Learning our fall lines

You know when you get a Slurpee from 7-Eleven and it’s a little too much for the regular straw? That’s my snow report for today. Dirt Slurpee.

There were people snowboarding in t-shirts with their jackets tied around their waists just so they still had their lift tickets that were attached.

We went down “the long slope” to the bigger chair lift once. That was all I needed as the conditions were pretty awful. It felt like a slog for me, though Ian never fell on that section today. We shared a chair ride with one of the snow patrol dudes. He asked how we liked the snow and I politely said, “It’s ok. We’re having fun.”

Ian said, “Well ... yesterday was a lot better but today it looks more like salt than snow and I don’t think that’s as good.” I pointed out that this was his second day on skis ever and we come from tidal Virginia so we’re not snow connoisseurs.

Patrol dude said, “I’ll be honest with ya, this isn’t very good snow. So if you can ski in this, you can ski in anything.”

We went down “the short slope” next, my taking the lead so Ian could follow me. After a bit, I realized he’d fallen. I stopped. I tried to side step up the hill. I took one ski off and tried to side step that way. Nope. My skis sank into at least 6” of Slurpee. I was nearly that horse stuck in the mud from Neverending Story.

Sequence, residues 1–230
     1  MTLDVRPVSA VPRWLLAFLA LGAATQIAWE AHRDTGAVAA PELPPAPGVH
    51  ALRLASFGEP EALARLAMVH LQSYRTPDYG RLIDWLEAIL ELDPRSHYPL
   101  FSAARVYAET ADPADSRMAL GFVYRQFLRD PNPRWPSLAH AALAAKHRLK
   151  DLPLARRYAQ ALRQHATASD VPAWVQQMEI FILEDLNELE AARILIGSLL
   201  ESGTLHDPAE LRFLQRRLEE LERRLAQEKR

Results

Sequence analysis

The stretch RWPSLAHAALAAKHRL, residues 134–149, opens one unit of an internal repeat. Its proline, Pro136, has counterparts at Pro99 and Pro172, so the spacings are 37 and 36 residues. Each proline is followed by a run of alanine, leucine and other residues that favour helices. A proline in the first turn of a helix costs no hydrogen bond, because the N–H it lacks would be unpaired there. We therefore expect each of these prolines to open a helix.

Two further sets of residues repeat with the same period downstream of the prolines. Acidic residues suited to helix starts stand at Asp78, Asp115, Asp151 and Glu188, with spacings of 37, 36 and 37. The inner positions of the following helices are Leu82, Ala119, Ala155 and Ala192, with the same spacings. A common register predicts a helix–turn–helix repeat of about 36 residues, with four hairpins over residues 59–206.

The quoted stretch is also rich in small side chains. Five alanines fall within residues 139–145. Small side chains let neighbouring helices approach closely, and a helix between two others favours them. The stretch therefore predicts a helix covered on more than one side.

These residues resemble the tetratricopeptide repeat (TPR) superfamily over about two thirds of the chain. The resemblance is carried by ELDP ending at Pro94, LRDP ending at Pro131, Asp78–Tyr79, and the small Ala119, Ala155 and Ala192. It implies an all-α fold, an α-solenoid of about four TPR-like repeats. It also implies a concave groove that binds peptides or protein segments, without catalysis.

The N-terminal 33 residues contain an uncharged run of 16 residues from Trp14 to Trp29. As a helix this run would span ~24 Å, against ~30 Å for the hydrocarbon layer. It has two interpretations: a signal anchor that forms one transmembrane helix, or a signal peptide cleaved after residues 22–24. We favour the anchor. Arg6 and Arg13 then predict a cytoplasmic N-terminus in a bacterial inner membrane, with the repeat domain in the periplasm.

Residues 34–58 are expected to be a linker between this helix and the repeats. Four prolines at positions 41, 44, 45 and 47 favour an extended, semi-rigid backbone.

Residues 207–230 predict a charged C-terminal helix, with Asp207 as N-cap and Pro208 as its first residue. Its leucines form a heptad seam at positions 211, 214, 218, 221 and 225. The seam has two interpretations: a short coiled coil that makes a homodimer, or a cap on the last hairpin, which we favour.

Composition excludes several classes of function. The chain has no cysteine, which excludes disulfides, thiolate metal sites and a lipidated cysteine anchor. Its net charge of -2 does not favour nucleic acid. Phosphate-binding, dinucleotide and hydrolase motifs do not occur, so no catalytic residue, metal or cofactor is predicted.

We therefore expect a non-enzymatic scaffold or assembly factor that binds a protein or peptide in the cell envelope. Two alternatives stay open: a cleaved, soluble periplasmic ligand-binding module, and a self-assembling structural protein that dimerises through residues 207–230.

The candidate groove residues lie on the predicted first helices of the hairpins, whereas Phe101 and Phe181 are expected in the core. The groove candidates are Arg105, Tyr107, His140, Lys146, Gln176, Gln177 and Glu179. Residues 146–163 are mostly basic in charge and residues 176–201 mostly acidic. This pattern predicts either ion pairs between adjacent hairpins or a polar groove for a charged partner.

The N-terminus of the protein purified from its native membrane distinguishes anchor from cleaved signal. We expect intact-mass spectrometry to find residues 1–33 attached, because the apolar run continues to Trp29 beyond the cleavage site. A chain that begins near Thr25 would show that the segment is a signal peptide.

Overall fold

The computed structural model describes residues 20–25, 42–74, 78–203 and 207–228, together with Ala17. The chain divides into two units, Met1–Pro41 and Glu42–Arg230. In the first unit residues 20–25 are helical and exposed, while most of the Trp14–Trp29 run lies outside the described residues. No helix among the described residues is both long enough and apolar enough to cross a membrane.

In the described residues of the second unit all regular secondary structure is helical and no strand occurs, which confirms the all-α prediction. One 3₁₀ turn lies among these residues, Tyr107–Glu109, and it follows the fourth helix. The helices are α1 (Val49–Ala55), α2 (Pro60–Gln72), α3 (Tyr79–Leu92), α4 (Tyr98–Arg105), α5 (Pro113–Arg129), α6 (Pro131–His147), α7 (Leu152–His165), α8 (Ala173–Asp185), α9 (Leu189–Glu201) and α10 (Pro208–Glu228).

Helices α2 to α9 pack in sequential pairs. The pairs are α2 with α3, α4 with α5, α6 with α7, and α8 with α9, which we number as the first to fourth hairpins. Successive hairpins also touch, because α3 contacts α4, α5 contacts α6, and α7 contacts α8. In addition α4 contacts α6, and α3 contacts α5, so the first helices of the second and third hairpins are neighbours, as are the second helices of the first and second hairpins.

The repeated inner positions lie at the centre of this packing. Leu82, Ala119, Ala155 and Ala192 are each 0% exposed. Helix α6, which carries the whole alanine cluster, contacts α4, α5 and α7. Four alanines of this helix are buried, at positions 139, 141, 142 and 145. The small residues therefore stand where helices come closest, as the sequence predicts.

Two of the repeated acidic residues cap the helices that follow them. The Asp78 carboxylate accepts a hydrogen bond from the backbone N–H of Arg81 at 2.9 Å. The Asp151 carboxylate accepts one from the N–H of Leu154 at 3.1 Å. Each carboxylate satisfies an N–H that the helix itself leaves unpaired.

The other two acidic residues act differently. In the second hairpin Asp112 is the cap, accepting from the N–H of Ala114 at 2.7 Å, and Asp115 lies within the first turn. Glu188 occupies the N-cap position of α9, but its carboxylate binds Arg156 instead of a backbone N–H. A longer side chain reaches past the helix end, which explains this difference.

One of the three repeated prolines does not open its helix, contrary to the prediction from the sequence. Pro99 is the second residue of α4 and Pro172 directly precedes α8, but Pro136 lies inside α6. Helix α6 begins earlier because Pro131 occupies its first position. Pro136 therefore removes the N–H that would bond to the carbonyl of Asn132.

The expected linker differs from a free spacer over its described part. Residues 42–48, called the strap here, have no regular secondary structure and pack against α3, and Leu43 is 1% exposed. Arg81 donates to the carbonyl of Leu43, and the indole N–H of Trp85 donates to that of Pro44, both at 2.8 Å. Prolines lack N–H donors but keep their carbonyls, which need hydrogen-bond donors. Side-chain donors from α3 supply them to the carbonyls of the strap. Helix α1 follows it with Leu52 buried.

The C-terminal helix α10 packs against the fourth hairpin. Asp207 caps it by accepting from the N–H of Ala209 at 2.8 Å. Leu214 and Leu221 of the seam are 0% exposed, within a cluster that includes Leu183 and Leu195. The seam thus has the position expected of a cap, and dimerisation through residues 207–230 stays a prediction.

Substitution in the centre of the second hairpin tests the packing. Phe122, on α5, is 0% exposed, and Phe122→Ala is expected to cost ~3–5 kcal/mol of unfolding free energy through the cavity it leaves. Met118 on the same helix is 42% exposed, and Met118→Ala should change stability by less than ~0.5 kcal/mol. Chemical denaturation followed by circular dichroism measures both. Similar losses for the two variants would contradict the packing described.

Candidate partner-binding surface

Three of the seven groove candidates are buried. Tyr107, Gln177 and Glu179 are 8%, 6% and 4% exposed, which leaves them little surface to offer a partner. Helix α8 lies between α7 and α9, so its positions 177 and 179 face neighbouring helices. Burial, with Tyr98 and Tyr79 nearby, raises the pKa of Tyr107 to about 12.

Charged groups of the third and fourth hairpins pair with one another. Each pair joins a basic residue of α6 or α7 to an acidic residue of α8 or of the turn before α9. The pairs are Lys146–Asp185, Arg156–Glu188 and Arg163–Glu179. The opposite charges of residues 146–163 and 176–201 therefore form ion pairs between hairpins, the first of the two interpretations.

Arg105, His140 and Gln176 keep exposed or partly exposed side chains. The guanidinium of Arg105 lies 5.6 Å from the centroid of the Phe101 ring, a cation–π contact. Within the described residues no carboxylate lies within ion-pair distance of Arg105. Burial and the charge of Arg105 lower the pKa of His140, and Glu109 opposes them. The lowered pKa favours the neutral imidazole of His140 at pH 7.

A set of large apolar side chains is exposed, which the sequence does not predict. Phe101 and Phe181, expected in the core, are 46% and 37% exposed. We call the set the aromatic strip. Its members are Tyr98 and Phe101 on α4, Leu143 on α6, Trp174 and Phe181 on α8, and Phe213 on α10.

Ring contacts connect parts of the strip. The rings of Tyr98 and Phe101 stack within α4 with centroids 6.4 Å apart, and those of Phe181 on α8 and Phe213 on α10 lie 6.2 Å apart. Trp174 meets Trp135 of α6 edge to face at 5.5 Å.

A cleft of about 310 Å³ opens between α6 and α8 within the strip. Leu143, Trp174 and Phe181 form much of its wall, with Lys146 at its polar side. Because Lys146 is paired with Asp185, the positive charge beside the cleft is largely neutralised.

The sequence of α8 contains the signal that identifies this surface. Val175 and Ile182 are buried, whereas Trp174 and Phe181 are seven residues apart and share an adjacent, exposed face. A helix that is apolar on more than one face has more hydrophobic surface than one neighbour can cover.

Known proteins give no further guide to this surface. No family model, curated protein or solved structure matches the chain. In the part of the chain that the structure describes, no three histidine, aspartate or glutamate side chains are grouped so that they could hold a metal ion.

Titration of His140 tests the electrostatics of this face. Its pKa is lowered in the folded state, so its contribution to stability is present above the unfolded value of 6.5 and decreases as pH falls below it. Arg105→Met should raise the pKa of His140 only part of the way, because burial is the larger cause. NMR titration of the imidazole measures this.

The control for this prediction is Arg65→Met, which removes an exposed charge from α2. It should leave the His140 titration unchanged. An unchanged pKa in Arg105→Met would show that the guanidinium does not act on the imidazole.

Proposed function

So I just stood and waited. Ian tried to push himself up but ... Slurpee. So he took off both his skis, got to his feet, repositioned his skis, clipped back in and rejoined me. We continued to the small chair lift.

He looked a little sullen so I asked about it. “I can’t believe you didn’t realize I had fallen!”

“Dude! I’m a novice skier too. I’m doing my own ski. I can’t look back for you every two feet. When I realized you were gone, I stopped. I tried to get to you but it was really hard. And you weren’t in distress. So I just stood witness. You didn’t cry for help. You figured it all out and made great decisions. I’m proud of you. Do you want me to follow you next time?”

He nodded.

So we took turns that way. When I fell on the long slope he stopped and waited for me. He said, “Good job!” when I was able to stand back up in Slurpee. And I said, “Yes! Go you!” when he made a great recovery.

That’s how grief is for us. We have to take turns. We have to wait for each other. And if we can make it through this dirt Slurpee, we can make it through anything.